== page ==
# Looking for counterexample in graph theory

I have this problem from graph theory:

Given a graph $G = (V,E)$ (maybe with multiple edges) find if it's possible to delete some edges such that the new graph is 1-regular (ie. all of its vertices have degree 1).

So far I have only discovered that if number of vertices is odd then it's impossible, this is an easy consequence of the degree formula $\sum_{v \in V} \deg(v) = 2|E|$. Also I can consider there are no multiple edges or loops since I can delete them without affecting the result.

Now if I consider the adjacency matrix of the graph then the resulting adjacency matrix for the new graph must have determinant 1 or -1 because I can get it by permuting the rows/columns of the identity matrix.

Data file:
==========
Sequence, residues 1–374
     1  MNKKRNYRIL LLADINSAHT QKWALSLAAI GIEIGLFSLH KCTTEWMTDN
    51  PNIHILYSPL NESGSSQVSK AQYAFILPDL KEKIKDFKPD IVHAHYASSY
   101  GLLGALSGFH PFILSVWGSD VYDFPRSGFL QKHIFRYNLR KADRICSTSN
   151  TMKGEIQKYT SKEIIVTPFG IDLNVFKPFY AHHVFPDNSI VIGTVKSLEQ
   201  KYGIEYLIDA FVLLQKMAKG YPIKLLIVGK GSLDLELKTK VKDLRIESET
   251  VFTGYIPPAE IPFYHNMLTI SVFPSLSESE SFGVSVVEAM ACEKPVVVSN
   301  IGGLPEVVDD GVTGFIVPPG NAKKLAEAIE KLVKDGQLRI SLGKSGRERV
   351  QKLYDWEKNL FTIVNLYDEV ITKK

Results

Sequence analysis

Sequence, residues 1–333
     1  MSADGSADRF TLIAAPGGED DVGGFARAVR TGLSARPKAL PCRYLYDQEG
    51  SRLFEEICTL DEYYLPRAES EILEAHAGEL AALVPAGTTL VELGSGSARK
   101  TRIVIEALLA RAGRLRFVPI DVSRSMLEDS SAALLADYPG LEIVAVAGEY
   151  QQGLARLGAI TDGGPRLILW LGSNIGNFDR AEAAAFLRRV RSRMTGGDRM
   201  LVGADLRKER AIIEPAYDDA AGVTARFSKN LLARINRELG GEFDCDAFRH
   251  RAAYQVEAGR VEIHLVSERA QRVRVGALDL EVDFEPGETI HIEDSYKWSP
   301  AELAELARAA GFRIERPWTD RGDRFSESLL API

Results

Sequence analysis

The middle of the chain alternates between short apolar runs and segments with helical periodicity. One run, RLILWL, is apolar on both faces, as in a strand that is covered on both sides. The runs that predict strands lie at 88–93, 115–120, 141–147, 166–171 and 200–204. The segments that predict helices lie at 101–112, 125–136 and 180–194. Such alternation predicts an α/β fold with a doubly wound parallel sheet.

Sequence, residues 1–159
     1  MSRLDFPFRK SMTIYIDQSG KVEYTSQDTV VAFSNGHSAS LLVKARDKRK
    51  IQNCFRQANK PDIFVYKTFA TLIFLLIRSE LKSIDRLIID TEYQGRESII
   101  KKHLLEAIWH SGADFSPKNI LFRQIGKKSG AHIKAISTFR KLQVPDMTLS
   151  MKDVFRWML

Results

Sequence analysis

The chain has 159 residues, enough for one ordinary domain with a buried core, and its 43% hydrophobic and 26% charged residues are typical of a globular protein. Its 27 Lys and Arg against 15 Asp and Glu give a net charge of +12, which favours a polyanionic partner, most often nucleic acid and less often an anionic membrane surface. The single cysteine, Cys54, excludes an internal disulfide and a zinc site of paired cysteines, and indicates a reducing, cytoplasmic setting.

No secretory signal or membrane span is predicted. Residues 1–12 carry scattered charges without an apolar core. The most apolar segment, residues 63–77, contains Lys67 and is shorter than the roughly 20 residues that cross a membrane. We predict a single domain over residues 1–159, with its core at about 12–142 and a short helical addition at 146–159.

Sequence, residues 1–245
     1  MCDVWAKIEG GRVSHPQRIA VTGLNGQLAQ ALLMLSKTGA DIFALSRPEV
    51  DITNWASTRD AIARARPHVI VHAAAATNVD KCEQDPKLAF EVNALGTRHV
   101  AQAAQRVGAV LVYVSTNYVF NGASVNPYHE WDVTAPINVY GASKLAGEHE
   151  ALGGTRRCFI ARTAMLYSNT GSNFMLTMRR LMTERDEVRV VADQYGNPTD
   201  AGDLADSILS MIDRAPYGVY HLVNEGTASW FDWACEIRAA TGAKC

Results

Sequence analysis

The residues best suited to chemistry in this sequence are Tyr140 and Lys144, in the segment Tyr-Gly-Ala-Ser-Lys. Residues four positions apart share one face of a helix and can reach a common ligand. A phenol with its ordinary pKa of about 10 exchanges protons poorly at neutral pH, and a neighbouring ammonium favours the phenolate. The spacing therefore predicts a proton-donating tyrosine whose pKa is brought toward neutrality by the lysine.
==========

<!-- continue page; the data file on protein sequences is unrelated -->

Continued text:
I'm guessing two things one bolder than the other. If the number of vertices is even and every vertex has degree at least one it is always possible to get a 1-regular graph and second, if the adjacency matrix of the original graph has determinant 1 or -1 it is possible to delete some edges to get a 1-regular graph. (Maybe deleting edges can be translated to using a pivot to delete some entry in the matrix?)

May someone give me some hints/help or a counterexample to my guessing?

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I wonder why there's been so many questions on MSE over the last few weeks that use exactly the same convoluted expression to describe "has a perfect matching"... – Erick Wong Jan 11 '14 at 2:08